Global Macro: Banks, Bonds Weak After Fed

NEW YORK (TheStreet) - Markets fell Thursday, as many analysts believe equities have reached a near-term peak.

Bonds, equities and precious metals were bid higher throughout October as investors believed the Federal Reserve would keep bond purchases intact.

The Fed did say on Wednesday that it will keep its policy in place, but it still ignited a sharp selloff as its comments were more hawkish than investors had expected. The Fed, however, made little to no reference to slowing down its bond purchases soon.

Equity indexes have been strong since the government shutdown ended; nonetheless, the move to record highs has come alongside a move to less risky stocks not as sensitive to general economic conditions. High-beta momentum stocks such as Netflix ( NFLX) and Tesla Motors ( TSLA) have dropped as investors have preferred the more defensive consumer-staple sector.

Meanwhile, financial stocks such as JPMorgan Chase ( JPM), picture below, have remained weak.

Although JPMorgan has its own massive legal issues, the bank's weakness is no less bearish for the broader market. The stock made a large head-and-shoulders pattern on its hourly chart throughout October.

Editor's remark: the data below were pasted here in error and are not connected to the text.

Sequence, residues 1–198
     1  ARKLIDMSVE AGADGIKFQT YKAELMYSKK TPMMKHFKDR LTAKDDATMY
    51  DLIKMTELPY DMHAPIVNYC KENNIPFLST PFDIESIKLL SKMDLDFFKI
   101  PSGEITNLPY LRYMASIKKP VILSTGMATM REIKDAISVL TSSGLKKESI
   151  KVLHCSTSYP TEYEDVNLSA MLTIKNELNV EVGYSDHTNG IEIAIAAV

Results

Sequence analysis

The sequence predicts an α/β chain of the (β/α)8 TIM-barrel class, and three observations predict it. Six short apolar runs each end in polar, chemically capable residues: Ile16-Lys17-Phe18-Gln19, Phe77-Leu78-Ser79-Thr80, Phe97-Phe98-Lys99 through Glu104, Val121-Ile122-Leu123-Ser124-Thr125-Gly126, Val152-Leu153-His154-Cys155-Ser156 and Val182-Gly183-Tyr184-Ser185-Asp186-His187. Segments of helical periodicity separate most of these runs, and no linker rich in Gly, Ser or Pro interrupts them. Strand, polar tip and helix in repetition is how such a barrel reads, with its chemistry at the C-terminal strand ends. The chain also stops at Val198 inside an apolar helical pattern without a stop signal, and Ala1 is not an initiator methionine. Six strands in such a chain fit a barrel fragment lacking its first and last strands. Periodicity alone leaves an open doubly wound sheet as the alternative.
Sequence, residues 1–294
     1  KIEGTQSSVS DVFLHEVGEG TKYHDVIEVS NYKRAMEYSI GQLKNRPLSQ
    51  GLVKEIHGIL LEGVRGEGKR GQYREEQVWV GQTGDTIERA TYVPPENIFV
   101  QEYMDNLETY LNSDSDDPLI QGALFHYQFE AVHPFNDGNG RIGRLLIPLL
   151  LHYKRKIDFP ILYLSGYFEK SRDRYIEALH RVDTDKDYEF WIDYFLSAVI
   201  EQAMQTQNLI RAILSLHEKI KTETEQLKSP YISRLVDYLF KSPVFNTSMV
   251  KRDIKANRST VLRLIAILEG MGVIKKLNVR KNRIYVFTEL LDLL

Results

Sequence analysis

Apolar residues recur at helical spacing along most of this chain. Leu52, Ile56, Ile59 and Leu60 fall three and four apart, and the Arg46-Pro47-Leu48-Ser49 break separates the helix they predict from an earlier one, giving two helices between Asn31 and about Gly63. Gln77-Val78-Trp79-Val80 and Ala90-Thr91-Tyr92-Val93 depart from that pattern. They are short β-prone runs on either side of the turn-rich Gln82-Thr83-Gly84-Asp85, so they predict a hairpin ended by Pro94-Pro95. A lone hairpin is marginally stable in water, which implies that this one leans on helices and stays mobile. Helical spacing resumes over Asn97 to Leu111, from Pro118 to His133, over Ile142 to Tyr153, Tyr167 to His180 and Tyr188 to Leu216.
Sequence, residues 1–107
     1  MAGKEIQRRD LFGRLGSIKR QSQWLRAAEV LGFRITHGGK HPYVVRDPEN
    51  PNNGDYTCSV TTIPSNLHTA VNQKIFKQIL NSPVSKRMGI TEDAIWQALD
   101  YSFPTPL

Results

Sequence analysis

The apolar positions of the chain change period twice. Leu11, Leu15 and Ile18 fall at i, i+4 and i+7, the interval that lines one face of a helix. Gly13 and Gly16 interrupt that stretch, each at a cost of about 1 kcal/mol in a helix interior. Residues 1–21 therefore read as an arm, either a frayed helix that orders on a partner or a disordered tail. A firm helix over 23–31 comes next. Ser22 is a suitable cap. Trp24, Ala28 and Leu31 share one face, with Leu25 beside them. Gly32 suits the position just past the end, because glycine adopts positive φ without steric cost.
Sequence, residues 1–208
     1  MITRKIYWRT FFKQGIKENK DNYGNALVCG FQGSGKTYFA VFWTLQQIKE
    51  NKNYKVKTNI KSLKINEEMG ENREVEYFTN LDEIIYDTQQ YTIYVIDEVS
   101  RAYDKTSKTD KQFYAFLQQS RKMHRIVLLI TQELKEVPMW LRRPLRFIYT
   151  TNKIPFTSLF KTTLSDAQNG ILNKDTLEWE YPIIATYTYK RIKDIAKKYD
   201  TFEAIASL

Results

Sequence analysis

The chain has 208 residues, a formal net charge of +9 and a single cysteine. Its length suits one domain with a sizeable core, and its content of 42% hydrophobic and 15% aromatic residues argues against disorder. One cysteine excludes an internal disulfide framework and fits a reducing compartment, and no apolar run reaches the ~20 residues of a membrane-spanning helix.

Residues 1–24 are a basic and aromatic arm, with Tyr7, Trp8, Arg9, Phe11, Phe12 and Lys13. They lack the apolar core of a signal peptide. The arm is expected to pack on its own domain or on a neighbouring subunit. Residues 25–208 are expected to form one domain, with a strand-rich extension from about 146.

It has broken the support level of the pattern over the past few days and doesn't look to be pulling back until its price reaches the $50 range. With high-beta and financial stocks weighing on markets, a correction to lower levels over the next few weeks may be in the cards.

The next chart is of Shares Barclays 20+ Year Treasury Bond ( TLT). Many investors believed that bonds would rally if the Fed kept stimulus in place.

The Fed kept its policy intact, but bond prices still fell. The selloff has caused many to turn bearish on the long bond, although that may be premature.

On the chart below, the Fibonacci indicator is placed over price action. The indicator highlights potential points of retracement based on the previous move from base to peak. The pullback to the 38.2% level signals a bullish continuation is still possible.

Until bonds break out of the current pattern to the upside or downside, there is no reason to give up hope on bonds and thus lower interest rates just yet.

The perception of hawkish behavior from the Fed looks to be purely speculation since stimulus is still in place.

If equity markets do push markedly lower, Treasuries may be the safe-haven asset investors turn toward.

At the time of publication the author had no position in any of the stocks mentioned.

This article is commentary by an independent contributor, separate from TheStreet's regular news coverage.

Andrew Sachais' focus is on analyzing markets with global macro-based strategies. Sachais is a chief investment strategist and portfolio manager at the start-up fund, Satch Kapital Investments. The fund uses ETF's traded on the U.S. stock market to gain exposure to both domestic and foreign assets. His strategy takes into consideration global equity, commodity, currency and debt markets. Sachais is a graduate of Georgetown University, where he earned a degree in Economics.

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